It may indeed be true, and can in any event be assumed for present purposes, that the employment was “at will” in the sense that CSAA was generally entitled to discharge plaintiffs without having to establish good cause to do so. It does not follow, however, that it could discharge them-as it explicitly did-for failing to meet production quotas after they had qualified for the promised reductions, or for refusing to relinquish the right to those reductions. The governing question is not CSAA's general power to discharge plaintiffs without cause, but its power to discharge them, as it expressly did, for a reason it had promised not to use as a basis for their discharge.

Finally, the Court rejected the employer's ability to rely on the standard commission plan language under which the employer reserved a right to "modify" the plan at its sole discretion whenever it wanted. 

[T]he reserved power to modify the compensation plan does not pose an insuperable barrier to plaintiffs recovery because it can easily be understood as qualified by the obligation to honor the promise of reduced [quotas] as to those representatives who had qualified for it-i.e., earned it-while it was still in effect.

Taken together, these holdings are a major victory for the rights of commissioned employees.  Indeed, the McClaskey Court rejected the most common contract arguments offered by unscrupulous employers who might otherwise be tempted to evade their promises to pay commissions even after their employees have performed every condition asked of them.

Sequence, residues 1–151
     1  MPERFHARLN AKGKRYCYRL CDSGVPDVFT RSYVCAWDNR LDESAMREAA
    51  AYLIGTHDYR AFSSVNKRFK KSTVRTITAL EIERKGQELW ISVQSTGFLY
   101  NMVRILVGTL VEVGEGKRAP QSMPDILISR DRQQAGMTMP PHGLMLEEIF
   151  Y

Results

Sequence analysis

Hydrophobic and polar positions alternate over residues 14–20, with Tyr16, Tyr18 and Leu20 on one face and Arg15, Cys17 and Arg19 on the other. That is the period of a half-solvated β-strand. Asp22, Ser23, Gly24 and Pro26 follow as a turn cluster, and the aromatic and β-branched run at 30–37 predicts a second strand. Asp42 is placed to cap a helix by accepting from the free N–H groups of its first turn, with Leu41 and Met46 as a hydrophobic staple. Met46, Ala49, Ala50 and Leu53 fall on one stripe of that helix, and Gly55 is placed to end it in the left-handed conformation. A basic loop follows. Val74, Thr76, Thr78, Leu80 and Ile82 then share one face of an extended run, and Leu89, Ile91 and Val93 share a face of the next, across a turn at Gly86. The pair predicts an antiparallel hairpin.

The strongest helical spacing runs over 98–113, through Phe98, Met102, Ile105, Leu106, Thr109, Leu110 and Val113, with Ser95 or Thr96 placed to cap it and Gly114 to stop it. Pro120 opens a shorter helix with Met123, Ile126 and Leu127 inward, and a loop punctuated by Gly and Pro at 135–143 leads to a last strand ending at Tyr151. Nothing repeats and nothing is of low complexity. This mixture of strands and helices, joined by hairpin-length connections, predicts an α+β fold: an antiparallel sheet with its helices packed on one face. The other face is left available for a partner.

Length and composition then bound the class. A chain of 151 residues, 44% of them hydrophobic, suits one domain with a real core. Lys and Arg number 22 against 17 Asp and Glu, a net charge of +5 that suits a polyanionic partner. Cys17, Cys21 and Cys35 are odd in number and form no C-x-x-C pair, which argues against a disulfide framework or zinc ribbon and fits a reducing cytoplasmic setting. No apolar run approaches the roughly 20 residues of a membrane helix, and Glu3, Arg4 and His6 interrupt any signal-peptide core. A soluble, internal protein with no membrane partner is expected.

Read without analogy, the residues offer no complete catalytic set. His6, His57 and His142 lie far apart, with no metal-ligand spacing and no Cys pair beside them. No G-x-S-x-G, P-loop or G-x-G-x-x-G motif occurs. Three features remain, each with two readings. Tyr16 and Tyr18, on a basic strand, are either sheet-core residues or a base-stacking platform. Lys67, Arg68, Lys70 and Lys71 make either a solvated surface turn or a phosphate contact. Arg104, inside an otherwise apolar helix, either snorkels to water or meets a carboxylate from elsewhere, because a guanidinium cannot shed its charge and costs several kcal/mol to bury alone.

California Supreme Court Extends Statute of Limitations for Late Wage Penalties -- Pineda v. Bank of America

Labor Code section 201(a) requires employers to pay final wages "immediately" upon terminating an employee.  Labor Code section 203, in turn, adds "teeth" to this requirement by imposing a "waiting time" formula that continues the unpaid wages for up to 30 days while they remain unpaid.  (In addition, Labor Code section 208 provides that "Every employee who is discharged shall be paid at the place of discharge.")

Employers -- especially out-of-state employers doing business in California -- will sometimes implement policies that result in the systematic late payment of final wages.  These policies may include waiting until the next regular payday to cut a final paycheck, or issuing final paychecks by mail from a central payroll location so that the checks are not received until days or weeks after termination.